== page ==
In his keynote address, Under Secretary of State for Economic, Business and Agricultural Affairs, Robert Hormats, predicted that historians of the future will emphasize two key points when they write the record of our contemporary time: “First, we will see the dramatic rise of emerging economies. Second, the growing role of women.”
Under Secretary Hormats went on to say that the two are decidedly linked. Citing numerous studies that point to women as catalysts and drivers of economic growth, he noted:
“I believe deeply that as women like you gathered here today play stronger roles, you will change the world and this generation. We will not only look back on an era when opportunities were increased for women, but more importantly, we will consider that women used those opportunities to improve the world.”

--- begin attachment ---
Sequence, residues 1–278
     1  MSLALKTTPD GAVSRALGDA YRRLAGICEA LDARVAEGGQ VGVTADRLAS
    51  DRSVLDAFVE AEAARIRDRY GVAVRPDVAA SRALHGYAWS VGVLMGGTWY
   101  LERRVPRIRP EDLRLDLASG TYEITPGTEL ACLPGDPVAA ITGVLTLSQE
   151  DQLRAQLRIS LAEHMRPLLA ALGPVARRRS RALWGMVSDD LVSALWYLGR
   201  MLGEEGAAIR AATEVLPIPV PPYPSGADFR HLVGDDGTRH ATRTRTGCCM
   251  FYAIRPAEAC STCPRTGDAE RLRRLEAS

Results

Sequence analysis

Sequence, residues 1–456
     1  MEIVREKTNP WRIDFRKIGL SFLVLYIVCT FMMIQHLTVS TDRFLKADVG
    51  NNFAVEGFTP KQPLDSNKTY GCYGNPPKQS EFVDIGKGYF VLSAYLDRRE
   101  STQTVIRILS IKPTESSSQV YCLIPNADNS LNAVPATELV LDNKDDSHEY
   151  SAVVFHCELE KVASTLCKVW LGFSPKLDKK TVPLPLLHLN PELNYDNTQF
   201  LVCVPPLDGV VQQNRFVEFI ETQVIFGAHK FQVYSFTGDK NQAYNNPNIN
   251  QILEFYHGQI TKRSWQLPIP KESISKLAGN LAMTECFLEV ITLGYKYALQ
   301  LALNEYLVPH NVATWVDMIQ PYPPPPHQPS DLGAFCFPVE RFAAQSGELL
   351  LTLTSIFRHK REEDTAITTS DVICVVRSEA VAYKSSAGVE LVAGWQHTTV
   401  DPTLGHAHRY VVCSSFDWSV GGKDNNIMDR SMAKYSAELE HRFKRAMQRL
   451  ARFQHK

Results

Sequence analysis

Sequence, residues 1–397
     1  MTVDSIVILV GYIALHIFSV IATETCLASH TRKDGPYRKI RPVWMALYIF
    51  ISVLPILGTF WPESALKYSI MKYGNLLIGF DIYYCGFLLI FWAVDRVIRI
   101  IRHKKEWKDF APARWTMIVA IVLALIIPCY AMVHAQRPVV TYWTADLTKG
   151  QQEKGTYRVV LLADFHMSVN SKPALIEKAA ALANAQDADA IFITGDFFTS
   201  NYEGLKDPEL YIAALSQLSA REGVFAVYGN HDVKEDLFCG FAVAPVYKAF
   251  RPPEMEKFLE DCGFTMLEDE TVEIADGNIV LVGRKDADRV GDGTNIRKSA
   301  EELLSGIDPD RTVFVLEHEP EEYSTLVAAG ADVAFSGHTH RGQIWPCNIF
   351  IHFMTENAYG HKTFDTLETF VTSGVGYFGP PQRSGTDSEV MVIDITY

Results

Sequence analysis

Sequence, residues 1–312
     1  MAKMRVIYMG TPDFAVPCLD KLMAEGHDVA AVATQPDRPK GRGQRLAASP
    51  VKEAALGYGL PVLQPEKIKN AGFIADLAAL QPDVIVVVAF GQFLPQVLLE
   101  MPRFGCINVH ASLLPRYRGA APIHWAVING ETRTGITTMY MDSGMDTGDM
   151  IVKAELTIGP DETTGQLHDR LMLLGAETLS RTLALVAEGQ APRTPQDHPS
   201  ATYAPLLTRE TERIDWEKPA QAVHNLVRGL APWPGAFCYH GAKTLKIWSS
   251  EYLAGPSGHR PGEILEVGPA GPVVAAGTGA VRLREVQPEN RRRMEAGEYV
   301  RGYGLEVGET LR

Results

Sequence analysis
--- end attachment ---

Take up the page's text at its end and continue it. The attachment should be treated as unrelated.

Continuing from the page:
Stressing the need for private-sector engagement in this work, Under Secretary Hormats said that public-private partnerships are key to sustained growth and progress; in many ways, their value lies in the fact that these partnerships further “demonstrate to governments the value of women,” thereby serving as an impetus for change across sectors.
During an interactive discussion facilitated by Zain Verjee, delegates asked Under Secretary Hormats about a range of issues, including increasing diversity in the boardroom, ensuring women’s access to trade markets, and investing in political training for women engaged at the grassroots level.
In his closing remarks, Under Secretary Hormats spoke to the value that mentorship has had in his life, and how mentorship can further the success of women leaders in Asia:
“I think you cannot underemphasize the value of mentoring. None of us who have succeeded have done so without a mentor.”